Inland Empire Womens Business Development Centers   The IEWBC’s goal is to benefit the local economy by assisting existing and aspiring women business owners to start and grow successful businesses. This site provides helpful links to Federal, state and city links within the Inland Empire that support the Inland Empire Womens Business Center
Inland Empire Chamber of Commerce directory   This site connects you to all the Inland Empire Chamber of Commerce web links.
About the Inland Empire   This site provides lots of information about the Inland Empire: City & County resources, visitor information, Business information, events, and demographics.
San Bernardino Associated Governments (SANBAG)   San Bernardino Associated Governments, known as SANBAG, is the council of governments and transportation planning agency for San Bernardino County. SANBAG is responsible for cooperative regional planning and furthering an efficient multi-modal transportation system countywide. SANBAG serves the 1.9 million residents of San Bernardino County.
San Diego Association of Governments (SANDAG)   The 18 cities and county government are SANDAG serving as the forum for regional decision-making. SANDAG builds consensus, makes strategic plans, obtains and allocates resources, plans, engineers, and builds public transportation, and provides information on a broad range of topics pertinent to the region's quality of life.
U.S. Small Business Administration (SBA)   This site connects people to the local SBA office homepage which highlights local resources and specific information for each local office.
Small Business Development Center and the Center for Internation Trade Development   The Small Business Development Center and the Center for International Trade Development provides a variety of services to clients in San Diego and Imperial counties. Our services are designed to assist small business owners expand their operations profitably. Additionally, we help businesses interested in international expansion navigate the complexities of importing and/or exporting.
Southern California Association of Governments (SCAG)   An international and regional planning forum for regional plans that improve the quality of life for Southern Californians.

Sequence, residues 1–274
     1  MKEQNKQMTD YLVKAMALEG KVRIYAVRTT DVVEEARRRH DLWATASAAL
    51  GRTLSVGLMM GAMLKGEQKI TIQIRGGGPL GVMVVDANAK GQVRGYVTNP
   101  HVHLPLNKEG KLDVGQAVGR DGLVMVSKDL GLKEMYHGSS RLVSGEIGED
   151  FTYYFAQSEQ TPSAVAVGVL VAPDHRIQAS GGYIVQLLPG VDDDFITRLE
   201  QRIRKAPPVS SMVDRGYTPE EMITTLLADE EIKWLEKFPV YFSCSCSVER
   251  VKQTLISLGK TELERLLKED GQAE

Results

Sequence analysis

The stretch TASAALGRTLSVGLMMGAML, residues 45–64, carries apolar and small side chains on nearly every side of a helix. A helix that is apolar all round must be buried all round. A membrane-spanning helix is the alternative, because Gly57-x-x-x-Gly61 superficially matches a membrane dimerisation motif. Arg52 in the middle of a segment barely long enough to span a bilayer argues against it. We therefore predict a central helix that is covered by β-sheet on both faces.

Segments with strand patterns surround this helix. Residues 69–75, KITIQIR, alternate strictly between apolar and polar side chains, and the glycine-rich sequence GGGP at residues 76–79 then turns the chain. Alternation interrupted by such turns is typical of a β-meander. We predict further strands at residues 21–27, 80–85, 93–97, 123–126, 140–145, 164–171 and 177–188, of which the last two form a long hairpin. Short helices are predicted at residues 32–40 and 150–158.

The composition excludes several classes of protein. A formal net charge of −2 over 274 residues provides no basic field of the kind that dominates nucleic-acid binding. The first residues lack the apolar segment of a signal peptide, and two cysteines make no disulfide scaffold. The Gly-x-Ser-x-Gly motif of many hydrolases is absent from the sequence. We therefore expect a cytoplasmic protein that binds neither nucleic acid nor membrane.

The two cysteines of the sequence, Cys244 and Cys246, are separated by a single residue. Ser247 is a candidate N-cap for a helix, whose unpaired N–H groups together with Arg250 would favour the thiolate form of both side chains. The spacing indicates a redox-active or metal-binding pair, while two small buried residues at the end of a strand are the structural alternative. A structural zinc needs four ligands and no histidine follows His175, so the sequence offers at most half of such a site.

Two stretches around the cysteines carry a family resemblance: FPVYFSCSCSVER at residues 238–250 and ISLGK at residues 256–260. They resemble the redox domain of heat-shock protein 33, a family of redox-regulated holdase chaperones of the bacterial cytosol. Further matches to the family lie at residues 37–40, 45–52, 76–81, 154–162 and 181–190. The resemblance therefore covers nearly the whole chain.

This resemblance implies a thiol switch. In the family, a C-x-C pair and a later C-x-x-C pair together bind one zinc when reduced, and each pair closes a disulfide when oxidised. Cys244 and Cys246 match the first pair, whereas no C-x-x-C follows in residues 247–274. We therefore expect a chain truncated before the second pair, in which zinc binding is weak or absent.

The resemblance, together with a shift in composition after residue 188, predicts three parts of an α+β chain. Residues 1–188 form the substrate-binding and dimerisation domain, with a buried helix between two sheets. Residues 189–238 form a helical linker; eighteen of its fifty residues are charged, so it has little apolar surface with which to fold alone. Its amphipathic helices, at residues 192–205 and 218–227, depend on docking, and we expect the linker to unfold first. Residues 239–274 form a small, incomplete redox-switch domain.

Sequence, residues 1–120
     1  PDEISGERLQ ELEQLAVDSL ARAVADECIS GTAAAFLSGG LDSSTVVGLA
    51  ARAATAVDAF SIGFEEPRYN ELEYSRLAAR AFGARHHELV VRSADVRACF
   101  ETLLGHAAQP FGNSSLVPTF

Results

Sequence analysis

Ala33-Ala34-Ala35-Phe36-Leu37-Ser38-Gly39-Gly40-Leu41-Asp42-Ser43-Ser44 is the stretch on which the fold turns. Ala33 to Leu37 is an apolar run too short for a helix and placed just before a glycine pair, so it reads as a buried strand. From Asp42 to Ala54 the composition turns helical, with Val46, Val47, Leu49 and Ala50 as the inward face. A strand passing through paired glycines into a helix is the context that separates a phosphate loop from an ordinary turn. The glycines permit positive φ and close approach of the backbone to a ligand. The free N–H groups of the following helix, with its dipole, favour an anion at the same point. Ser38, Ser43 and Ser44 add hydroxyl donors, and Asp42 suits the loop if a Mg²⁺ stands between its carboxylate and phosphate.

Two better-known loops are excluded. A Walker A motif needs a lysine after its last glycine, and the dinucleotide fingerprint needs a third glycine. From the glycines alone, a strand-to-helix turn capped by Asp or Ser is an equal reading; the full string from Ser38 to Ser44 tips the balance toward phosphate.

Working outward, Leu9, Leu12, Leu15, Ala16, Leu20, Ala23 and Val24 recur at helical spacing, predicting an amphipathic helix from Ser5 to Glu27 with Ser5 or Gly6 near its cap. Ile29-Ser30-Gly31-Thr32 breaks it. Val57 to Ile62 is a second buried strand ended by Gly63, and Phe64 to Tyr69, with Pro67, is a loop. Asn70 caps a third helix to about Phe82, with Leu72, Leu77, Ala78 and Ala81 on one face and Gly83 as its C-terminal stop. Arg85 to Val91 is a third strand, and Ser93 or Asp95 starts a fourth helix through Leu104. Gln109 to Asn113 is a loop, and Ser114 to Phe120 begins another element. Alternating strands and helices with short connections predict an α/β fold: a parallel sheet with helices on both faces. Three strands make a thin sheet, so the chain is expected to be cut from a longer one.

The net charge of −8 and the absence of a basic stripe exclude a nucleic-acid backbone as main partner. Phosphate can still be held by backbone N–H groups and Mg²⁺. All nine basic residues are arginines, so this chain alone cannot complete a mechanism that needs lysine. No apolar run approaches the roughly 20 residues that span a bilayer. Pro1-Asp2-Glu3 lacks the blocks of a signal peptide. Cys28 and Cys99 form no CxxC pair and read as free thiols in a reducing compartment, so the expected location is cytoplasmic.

Small Business Development Center Network   This site provides free & low-cost business management and technical assistance to small businesses.
Inland Empire Small Business Development Council   The Inland Empire Small Business Development Center (SBDC) is the region’s premier provider of business consulting and training services for the existing and aspiring business owner. The SBDC delivers quality consulting, instructive and relevant training and complete resources to over 5,000 business prospects every year.
State of CA Business Investment Services   Our CalBIS staff are available to help you identify the business advantages of considering California locations for new business investment and expansion. We offer a network of regional and local resources to gather essential information and discover which locations offer the most value for your project.
Inland Empire Tourism Council   Southern California's Inland Empire offers both the vacationer and the conventioneer unparalleled beauty and recreation, history and culture, arts and entertainment, and, of course, shopping. In a sunny Mediterranean climate, Riverside and San Bernardino counties boast rolling hills, forested mountains, broad deserts, open valleys, and cosmopolitan cities.
Womens Business Centers   The Women’s Business Center (WBC) is a Small Business Administration program operated by VEDC (Valley Economic Development Center) to promote the creation and growth of businesses by women and minority entrepreneurs.
Inland Empire Business Atlas, ©University of Redlands, 2009. Funded in part through a cooperative agreement with the U.S. Small Business Administration. All opinions, conclusions, or recommendations expressed are those of the author(s) and do not necessarily reflect the views of the SBA or the University of Redlands. Site created and maintained by the Redlands Institute.